Tangent Online

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the genre's premiere review magazine for short SF & Fantasy since 1993

Challenging Destiny, #18

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"Benedice Te" by Jay Lake
"The Man Who Mistook Himself for a Superhero" by Karl El-Koura
"Dead Man With a Stick" by Greg Beatty
"The Miller and the Old Hag" by G.C. McRae
"Early Adopters" by L. Blunt Jackson

Challenging Destiny 18 is available as a .pdf file. The format is very clean, nice illustrations (which one can retrieve off the website, saving space on a palmtop), and there is a read-aloud option which I wanted to try, but ended up not having the time to explore. Very well presented.

Though Tangent doesn't go into the other content of zines, I have to mention two features that readers might want to be alerted to: the interview with writer Karen Lowachee, whose Warchild was the second Warner Aspect winner, and a very fine article on the whole Frankenstein phenomenon, beginning with Mary Wollstonecraft Shelley's work and carrying through the various adaptations since.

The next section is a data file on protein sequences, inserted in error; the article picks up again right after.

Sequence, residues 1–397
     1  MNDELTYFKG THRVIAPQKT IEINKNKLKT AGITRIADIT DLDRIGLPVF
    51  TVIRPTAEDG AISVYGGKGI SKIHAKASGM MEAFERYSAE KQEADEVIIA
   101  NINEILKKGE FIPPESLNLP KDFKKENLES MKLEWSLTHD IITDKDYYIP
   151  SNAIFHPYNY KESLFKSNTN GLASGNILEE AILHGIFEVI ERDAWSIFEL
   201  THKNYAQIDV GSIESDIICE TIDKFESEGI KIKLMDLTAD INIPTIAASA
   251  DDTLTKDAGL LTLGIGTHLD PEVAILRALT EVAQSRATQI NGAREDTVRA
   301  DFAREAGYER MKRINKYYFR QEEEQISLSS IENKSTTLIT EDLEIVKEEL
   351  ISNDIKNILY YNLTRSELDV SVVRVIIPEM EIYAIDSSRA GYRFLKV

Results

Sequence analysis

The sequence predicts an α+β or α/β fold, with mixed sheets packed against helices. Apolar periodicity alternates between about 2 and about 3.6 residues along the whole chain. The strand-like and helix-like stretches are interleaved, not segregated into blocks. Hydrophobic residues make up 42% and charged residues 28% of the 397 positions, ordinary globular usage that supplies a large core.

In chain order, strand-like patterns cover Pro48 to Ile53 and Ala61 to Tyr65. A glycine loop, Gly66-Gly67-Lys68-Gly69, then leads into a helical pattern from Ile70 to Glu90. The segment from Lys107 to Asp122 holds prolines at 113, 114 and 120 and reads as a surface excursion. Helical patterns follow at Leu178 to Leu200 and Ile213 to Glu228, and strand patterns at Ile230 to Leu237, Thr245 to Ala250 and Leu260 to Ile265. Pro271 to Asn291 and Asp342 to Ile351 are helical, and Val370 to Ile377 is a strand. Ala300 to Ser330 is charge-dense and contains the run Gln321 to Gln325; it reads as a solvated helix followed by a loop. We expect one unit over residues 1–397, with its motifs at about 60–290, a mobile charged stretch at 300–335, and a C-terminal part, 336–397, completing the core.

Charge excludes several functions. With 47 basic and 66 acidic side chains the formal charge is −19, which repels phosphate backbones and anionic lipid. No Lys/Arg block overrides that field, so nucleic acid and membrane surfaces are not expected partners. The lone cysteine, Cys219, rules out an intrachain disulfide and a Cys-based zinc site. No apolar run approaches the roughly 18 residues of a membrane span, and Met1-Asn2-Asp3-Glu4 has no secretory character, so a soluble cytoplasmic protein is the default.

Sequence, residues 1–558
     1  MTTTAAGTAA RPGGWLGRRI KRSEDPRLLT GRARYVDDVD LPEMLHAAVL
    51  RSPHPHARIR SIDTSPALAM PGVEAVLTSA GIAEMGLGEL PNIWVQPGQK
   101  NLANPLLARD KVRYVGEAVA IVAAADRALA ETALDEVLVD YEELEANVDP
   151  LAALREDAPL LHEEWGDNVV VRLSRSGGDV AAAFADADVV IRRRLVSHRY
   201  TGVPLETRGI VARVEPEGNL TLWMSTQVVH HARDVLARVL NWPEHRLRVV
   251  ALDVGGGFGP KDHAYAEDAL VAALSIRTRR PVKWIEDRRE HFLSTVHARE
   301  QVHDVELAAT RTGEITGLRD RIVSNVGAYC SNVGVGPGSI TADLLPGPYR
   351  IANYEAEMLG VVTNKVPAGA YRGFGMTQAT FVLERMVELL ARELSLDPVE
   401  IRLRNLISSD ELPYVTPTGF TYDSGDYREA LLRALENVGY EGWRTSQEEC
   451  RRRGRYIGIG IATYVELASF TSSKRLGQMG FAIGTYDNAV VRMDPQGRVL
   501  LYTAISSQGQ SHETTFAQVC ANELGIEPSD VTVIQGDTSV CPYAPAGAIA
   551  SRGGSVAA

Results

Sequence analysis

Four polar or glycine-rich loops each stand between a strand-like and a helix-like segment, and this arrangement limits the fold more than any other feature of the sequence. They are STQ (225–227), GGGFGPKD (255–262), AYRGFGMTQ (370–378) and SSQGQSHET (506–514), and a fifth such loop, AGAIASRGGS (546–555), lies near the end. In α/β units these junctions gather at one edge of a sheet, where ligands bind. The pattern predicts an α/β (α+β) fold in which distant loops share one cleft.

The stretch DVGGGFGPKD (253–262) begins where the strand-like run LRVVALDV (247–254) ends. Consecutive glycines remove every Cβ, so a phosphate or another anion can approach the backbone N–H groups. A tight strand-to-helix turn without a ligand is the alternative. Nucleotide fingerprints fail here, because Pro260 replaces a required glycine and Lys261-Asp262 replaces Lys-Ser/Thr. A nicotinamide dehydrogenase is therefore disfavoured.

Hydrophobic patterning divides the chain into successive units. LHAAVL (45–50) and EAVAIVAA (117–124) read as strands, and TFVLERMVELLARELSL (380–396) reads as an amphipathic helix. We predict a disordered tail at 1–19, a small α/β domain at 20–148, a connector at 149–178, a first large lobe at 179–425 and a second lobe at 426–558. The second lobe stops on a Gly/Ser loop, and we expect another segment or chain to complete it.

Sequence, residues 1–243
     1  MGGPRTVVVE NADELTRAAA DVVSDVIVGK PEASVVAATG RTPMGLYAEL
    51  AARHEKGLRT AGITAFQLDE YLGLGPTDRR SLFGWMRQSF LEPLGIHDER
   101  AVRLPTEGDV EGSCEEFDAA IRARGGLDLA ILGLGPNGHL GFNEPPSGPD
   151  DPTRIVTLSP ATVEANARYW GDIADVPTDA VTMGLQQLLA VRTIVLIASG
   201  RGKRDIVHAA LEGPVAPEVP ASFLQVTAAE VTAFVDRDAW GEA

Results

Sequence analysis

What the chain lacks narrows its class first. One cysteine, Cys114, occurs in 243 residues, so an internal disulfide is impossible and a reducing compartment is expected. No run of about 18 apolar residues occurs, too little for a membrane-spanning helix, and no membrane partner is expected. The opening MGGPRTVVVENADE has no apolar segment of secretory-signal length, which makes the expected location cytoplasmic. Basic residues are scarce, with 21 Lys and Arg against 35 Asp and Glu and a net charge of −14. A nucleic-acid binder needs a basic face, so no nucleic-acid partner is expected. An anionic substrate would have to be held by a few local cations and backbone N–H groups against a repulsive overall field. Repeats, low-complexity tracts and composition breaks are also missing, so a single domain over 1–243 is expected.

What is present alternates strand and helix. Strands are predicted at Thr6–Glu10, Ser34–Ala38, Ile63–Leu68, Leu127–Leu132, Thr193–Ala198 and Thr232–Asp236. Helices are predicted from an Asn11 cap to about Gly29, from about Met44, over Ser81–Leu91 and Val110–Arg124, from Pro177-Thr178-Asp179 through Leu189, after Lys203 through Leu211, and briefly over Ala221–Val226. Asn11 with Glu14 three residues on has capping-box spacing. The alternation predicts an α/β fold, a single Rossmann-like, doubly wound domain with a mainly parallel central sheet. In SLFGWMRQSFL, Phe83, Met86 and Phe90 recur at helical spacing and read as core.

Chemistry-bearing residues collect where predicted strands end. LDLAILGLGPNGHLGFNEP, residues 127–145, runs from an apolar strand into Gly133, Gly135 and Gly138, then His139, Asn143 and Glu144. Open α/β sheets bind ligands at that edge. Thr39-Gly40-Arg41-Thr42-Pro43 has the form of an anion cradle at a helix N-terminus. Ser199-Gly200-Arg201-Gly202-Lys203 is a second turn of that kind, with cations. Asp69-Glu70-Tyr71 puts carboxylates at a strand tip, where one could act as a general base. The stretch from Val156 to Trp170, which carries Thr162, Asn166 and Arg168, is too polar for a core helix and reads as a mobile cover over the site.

There were five stories in this issue, all of them solid. Really the only creeb I would make is that someone at the copy editing end needs to review the difference between lie and lay. Otherwise, I applaud the picks: the stories ranged from steam punk to futuretech, with a side trip into folk tale territory.

Jay Lake opens with "Benedice Te" which is the steampunk offering. The neat thing about steampunk tales, at least for me, is that there but for the vagaries of inventors, investors, and the whipsaw tastes of the publick, go we. Steam-powered guns, zeppelins, steam rams, daguerreographs, and the "latest in transportation mechanology, the Swiss funicular." Sexy steamtech ahoy!

The time is 1961, the place Galvezton, in the Texian Republic, where the British Imperial Crown has a Consul-General established. Algernon Black-Smith just escapes being squashed by a steam ram, which kills a number of people. Just wogs, in both Algernon's eyes and those of Lord Quinnipiac, the Consul-General. It becomes apparent to Algernon that Quinnipiac knew about the steam ram, and possibly that the accident was no accident, as he finds himself assigned to retrieve a missing secret file. He is not even to know what is in it.